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The Electric Hour

The Electric Hour is an American old-time radio program of popular music. It was broadcast on CBS from September 20, 1944, to June 9, 1946.[1]

The Electric Hour
GenrePopular music
Running time30 minutes
Country of originUnited States
StarringNelson Eddy
AnnouncerFrank Graham
Produced byCharles Herbert
Original releaseSeptember 20, 1944 (1944-09-20) – June 9, 1946 (1946-06-09)



Nelson Eddy starred in The Electric Hour, and each episode featured a guest star who sang duets with him.[2] Genres featured included music from films, folk songs, and "ballads from many lands".[1] Gail Lulay, Eddy's biographer, wrote in Nelson Eddy, America's Favorite Baritone: An Authorized Biographical Tribute, "This was Nelson's dream show because it had a musical format."[2] Lulay added that the program contained "some of Nelson's best music".[2]


The program initially originated from CBS Columbia Square in Hollywood, California. Effective with the September 16, 1945, installment, it moved to the Walt Disney Studios in Burbank, California. A report in the trade publication Billboard said that the change was caused by "acute studio space shortage at CBS".[3]


Eddy was the only regular featured performer on The Electric Hour. Guests included Jeanette MacDonald, who performed with Eddy in films.[4] Instrumental music was provided by Robert Armbruster's orchestra,[5] and Armbruster's chorus provided vocal support.[6] Frank Graham was the announcer, and Charles Herbert was the producer.[1]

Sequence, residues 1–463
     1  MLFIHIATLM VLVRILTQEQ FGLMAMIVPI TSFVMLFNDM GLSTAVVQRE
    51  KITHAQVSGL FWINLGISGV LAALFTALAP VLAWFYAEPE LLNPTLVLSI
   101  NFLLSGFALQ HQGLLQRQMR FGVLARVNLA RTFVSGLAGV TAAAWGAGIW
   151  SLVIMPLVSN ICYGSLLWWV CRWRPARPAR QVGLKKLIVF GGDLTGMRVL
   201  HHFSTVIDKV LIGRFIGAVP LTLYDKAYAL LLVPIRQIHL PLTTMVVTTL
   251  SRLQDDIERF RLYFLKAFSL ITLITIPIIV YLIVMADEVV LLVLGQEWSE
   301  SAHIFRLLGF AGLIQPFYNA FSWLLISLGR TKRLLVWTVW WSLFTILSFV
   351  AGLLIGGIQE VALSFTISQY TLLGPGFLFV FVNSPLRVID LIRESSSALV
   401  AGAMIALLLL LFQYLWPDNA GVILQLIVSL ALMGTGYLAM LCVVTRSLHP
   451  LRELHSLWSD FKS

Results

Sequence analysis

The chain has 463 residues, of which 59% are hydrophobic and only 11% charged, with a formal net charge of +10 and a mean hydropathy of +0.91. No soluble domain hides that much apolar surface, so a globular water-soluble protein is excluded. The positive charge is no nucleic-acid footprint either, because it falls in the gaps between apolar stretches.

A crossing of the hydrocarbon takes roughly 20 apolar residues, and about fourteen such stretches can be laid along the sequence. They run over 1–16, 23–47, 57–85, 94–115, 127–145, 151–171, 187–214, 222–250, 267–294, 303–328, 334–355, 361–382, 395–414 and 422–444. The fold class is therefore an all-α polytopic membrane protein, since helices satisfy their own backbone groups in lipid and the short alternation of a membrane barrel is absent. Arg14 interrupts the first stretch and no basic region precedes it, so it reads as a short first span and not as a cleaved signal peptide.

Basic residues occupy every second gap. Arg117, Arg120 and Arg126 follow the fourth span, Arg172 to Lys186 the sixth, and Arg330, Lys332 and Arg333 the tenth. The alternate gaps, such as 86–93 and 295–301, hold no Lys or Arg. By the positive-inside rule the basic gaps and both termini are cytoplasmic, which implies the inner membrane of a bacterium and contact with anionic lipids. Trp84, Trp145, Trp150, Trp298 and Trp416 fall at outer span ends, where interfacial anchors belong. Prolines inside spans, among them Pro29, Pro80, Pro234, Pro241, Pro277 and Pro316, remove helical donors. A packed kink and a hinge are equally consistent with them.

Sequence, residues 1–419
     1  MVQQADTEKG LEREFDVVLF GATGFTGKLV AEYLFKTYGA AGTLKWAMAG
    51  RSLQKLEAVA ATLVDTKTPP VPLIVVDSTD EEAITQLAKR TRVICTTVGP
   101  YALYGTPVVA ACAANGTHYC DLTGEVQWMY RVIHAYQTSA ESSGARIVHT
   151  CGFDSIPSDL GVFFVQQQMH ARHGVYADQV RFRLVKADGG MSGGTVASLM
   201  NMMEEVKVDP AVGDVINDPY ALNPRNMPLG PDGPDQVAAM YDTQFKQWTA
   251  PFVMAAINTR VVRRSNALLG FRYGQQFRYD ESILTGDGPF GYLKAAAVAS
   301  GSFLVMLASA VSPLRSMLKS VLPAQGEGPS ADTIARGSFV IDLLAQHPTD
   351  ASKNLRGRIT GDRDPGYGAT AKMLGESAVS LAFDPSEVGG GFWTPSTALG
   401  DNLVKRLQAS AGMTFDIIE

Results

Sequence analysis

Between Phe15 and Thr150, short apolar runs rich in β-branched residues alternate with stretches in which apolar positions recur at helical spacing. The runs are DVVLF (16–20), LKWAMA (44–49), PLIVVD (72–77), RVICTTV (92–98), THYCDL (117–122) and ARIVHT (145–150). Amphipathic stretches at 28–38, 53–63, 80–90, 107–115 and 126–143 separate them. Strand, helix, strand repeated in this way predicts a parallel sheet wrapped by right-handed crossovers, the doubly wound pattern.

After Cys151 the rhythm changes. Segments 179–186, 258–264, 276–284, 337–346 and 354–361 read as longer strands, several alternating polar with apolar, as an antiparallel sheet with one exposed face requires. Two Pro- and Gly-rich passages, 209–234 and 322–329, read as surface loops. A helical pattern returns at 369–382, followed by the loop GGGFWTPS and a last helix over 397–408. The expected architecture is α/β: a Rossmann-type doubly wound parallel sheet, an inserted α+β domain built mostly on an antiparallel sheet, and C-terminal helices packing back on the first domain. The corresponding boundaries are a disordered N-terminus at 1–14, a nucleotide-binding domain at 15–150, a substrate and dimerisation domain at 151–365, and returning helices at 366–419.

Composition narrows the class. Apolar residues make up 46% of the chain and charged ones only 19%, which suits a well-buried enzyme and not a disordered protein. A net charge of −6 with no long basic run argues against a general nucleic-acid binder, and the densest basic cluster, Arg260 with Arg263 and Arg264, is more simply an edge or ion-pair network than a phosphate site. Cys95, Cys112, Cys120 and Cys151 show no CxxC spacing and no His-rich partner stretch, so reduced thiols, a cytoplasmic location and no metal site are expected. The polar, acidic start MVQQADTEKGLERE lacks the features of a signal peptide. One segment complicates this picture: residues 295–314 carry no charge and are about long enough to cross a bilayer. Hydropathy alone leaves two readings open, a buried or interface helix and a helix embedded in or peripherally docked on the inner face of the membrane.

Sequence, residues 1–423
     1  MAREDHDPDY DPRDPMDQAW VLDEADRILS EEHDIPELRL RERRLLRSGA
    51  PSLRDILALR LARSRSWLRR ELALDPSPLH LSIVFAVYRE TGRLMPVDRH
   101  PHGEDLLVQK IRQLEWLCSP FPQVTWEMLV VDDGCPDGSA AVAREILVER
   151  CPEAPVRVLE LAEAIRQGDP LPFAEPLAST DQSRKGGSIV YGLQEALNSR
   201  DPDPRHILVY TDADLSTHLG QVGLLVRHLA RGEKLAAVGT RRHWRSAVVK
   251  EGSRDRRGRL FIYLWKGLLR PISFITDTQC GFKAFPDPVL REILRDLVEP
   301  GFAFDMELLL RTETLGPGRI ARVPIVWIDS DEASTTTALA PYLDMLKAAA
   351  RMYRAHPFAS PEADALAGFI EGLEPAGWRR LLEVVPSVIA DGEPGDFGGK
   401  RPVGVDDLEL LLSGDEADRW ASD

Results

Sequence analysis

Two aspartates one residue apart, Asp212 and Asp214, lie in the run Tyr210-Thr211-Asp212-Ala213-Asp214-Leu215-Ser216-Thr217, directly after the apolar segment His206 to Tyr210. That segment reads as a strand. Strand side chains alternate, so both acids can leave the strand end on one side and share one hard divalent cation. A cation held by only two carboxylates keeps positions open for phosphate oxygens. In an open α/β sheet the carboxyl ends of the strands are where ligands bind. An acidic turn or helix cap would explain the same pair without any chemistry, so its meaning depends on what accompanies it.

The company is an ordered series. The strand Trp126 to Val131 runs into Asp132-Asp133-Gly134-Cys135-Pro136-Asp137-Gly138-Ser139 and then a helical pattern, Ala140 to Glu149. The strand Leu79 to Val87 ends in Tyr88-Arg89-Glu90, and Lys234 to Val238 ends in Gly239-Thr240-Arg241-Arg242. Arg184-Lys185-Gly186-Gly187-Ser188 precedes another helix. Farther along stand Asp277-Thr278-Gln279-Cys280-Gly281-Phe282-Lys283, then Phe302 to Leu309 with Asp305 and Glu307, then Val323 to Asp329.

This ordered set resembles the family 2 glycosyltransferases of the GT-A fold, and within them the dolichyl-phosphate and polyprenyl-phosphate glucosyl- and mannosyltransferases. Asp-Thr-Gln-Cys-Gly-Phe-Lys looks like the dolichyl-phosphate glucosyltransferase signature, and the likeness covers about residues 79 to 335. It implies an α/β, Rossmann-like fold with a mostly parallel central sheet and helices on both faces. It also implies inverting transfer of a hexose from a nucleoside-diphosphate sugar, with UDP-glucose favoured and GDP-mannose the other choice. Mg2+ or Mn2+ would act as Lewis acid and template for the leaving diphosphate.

The program's title came from its sponsor, a group of electric utilities across the United States. The organization had the slogan "local electric companies — all producing power for America under American business management."[5] The number of participating utilities was 167 in 1945.[5]

Summer versionsEdit

In 1945, 1946, and 1947, the same sponsors presented The Electric Hour Summer Series as replacements for regular programs. Dates and featured artists, which varied from year to year, are listed below:


  1. ^ a b c d e f Dunning, John (1998). On the Air: The Encyclopedia of Old-Time Radio (Revised ed.). New York, NY: Oxford University Press. p. 231. ISBN 978-0-19-507678-3.
  2. ^ a b c Lulay, Gail (2000). Nelson Eddy, America's Favorite Baritone: An Authorized Biographical Tribute. iUniverse. pp. 130–131. ISBN 9780595138791. Retrieved 10 October 2017.
  3. ^ "'Electric Hour' To Resume From Disney Studio Sans Mob" (PDF). Billboard. September 15, 1945. p. 12. Retrieved 10 October 2017.
  4. ^ Sher, Aubrey J. (2013). Those Great Old-Time Radio Years. Xlibris Corporation. pp. 97–98. ISBN 9781483679099. Retrieved 10 October 2017.
  5. ^ a b c Bird, Harry Lewis (2008). This Fascinating Advertising Business. Wildside Press LLC. pp. 157–158. ISBN 9781434475541. Retrieved 10 October 2017.
  6. ^ Terrace, Vincent (1999). Radio Programs, 1924-1984: A Catalog of More Than 1800 Shows. McFarland & Company, Inc. p. 108. ISBN 978-0-7864-4513-4.

External linksEdit